We first evaluated whether subjects presented an early horizontal viewing bias8,9,10 in the absence of tactile stimulation. As expected for a right-handed sample, subjects exhibited a baseline bias to initiate exploration of new images on the left side. This bias is evident in Fig. 2a (gray line), which shows the progression in time of the constant baseline term of the linear model used to fit horizontal gaze position, corresponding to the condition of no tactile stimulation with the hands uncrossed. The constant term deviated significantly from the image midline in the interval between 270 and 1240 ms after image change. The effect of hand posture was not significant at any time point after image appearance. Therefore, hand crossing did not, by itself and in the absence of tactile stimulation, result at any time in a significant change in gaze position (Fig. 2a, orange line). Figure 2b shows the effect of the covariate, which corresponds to the gaze position prior to image change (not shown in the figure) and therefore starts with a value of 1 at the exact time of image change. Thus, the leftward baseline bias described above was independent of and not explained by, the eye-position at the time of image change. The influence of the covariate was significant up to 474 ms (Fig. 2b), then changed sign and petered out in a small but significant effect in the opposite direction (616-1190 ms after image change). Thus, subjects showed a horizontal leftward bias during early exploration and tended to explore the contralateral side more than the ipsilateral region relative to their initial gaze position.

Figure 2
figure2

Results of the linear model for gaze horizontal position after image change (“early tactile stimulation”).

Graphs show the progression of the different factors and the light-color filled areas represent one standard error of the mean in each direction. Associated TFCE-corrected p-values are displayed on the right of each panel on a logarithmic scale. Significant periods are shown by thicker lines that indicate p-values below 0.05. After image start (time zero), the early tactile stimulation always occurred at 150 ms (horizontal dotted line). (a) Baseline bias and hand posture factors. (b) Covariate of gaze position before image change. (c) Tactile stimulation factor. (d) Interaction between tactile stimulation and hand posture.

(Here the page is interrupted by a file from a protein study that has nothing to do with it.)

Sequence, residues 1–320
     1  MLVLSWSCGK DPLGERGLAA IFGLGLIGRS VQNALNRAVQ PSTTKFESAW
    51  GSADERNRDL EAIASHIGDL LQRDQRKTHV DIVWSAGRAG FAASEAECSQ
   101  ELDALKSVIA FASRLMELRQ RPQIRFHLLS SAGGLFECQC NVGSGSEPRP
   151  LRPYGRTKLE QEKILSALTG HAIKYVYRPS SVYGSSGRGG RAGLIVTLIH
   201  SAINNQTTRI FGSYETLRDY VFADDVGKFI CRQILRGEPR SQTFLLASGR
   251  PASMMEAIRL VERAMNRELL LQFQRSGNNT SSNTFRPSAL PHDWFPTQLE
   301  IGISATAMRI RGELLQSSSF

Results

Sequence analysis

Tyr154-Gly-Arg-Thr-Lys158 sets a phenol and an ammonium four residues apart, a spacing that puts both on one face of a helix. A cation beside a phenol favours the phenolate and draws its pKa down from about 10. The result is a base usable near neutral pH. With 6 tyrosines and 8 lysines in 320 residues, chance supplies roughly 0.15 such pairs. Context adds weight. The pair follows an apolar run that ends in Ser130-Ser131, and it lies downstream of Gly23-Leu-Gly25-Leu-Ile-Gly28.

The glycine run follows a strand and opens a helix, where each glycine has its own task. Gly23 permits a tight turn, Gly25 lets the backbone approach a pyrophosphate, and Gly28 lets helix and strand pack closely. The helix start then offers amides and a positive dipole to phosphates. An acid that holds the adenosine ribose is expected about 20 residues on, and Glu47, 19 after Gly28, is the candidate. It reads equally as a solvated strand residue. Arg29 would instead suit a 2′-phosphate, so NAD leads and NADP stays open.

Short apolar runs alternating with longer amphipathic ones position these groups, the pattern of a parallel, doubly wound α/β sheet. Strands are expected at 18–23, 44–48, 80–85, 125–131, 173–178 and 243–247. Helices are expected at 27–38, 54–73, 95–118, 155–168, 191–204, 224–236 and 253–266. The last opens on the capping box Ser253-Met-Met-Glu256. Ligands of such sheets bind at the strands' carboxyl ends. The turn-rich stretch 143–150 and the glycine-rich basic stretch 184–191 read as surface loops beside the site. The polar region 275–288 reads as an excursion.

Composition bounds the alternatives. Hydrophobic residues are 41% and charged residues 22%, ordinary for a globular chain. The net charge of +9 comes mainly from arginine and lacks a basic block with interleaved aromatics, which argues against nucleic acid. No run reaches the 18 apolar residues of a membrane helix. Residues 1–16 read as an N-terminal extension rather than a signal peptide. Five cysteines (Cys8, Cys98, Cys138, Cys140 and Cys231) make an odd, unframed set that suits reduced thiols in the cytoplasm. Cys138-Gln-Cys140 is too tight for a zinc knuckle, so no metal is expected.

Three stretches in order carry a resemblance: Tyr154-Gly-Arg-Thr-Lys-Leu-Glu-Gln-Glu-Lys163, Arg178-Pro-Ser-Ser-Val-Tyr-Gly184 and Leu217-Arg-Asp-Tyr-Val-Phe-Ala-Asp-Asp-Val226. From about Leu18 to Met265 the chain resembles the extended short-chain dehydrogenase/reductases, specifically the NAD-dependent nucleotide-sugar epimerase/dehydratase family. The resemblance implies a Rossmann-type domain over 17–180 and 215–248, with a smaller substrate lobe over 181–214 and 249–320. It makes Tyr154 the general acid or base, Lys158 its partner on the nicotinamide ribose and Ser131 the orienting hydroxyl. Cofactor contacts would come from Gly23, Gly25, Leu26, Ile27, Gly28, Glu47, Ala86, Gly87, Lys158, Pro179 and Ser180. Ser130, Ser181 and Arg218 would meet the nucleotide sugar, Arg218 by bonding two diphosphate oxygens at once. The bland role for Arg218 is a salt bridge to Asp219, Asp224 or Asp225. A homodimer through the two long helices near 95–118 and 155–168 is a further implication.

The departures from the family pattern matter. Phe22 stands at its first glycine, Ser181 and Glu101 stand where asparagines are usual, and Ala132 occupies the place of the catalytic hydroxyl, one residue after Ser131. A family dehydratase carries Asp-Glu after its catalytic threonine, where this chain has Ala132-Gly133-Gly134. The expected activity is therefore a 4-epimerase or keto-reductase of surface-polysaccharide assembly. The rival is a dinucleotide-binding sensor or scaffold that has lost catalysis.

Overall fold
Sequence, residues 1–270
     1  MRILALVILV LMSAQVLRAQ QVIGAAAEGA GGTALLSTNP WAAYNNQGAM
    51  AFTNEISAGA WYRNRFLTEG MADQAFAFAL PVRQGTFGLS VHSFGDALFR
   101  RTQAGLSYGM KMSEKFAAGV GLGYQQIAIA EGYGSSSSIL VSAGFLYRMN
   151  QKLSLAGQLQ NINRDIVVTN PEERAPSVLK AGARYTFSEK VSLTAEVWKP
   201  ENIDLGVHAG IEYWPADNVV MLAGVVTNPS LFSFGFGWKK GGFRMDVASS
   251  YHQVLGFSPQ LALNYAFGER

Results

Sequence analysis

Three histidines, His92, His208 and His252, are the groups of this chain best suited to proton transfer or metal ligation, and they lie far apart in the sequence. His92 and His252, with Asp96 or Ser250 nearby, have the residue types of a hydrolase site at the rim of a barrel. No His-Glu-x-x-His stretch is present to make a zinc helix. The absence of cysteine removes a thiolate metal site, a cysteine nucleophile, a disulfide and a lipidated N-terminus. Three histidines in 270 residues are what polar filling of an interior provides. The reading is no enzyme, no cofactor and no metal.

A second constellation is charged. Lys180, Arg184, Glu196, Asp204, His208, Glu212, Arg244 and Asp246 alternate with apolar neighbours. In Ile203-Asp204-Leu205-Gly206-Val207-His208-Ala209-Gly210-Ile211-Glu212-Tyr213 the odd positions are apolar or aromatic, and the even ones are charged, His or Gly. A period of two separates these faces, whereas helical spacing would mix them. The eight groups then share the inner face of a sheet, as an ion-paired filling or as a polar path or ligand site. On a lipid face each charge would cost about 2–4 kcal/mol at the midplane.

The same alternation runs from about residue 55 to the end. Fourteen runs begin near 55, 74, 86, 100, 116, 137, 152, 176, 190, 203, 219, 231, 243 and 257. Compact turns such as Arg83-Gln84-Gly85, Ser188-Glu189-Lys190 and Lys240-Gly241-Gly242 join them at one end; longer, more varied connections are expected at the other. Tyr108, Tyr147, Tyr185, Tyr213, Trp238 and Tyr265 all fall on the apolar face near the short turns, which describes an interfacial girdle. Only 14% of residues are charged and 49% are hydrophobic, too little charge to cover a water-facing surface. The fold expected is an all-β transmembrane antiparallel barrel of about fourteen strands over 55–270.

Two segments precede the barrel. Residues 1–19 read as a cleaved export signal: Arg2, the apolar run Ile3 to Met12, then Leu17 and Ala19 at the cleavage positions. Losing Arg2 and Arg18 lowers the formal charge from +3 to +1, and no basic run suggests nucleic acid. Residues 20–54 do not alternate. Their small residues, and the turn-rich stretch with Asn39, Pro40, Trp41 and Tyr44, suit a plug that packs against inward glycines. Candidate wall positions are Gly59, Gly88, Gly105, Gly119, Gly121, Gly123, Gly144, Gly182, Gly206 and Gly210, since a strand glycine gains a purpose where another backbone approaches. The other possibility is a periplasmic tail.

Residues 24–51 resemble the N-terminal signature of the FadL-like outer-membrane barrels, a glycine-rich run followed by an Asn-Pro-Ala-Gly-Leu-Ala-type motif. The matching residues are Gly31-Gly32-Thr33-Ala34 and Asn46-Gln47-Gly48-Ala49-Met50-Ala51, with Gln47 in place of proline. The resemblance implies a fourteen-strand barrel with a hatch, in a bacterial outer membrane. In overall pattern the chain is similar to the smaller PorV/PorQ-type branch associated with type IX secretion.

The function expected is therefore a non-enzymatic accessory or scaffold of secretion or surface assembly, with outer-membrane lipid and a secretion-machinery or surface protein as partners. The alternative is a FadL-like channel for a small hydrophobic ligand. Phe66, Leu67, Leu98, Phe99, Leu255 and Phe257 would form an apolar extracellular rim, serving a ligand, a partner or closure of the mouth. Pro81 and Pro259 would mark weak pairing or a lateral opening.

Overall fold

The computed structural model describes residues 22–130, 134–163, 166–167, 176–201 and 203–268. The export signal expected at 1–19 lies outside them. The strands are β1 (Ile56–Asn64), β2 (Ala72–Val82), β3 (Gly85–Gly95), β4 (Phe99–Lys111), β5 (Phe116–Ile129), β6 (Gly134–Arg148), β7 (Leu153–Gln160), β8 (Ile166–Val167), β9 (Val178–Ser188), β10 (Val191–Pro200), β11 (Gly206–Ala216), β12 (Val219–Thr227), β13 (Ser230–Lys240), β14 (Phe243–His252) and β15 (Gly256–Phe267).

Next, we evaluated the effect of tactile stimulation to test whether touch modulated early visual exploration and the observed leftward bias. As the linear model included the interaction between factors tactile stimulation and posture, a significant effect of tactile stimulation indicates an additional bias directed to the stimulated hand in the uncrossed condition. Please note that, in this condition, anatomical and external coordinates are congruent and we cannot differentiate between left-hand side and left side of space. The effect of tactile stimulation (indicated with a dotted line in Figs. 2 and 3), delivered always at 150 ms after image change (indicated as time zero in Figs. 2 and 3), resulted in an additional bias in the horizontal dimension that was directed to the space ipsilateral to the stimulated hand (Fig. 2c, tactile stimulation). The effect size was comparable for left and right tactile stimulation, although the effects on viewing behavior were more variable for right than for left stimulation across subjects. As a consequence, the touch-induced bias was significant from 108 to 1680 ms after left tactile stimulation, whereas it was significant from 656 to 1502 ms after right tactile stimulation. In contrast, bilateral tactile stimulation did not induce a significant bias. However, in Fig. 2c a tendency to the right after bilateral stimulation is apparent (lowest corrected p-value = 0.094). In summary, tactile stimulation produced a viewing bias that modulated the previously known, early leftward baseline bias by an additive component of comparable magnitude.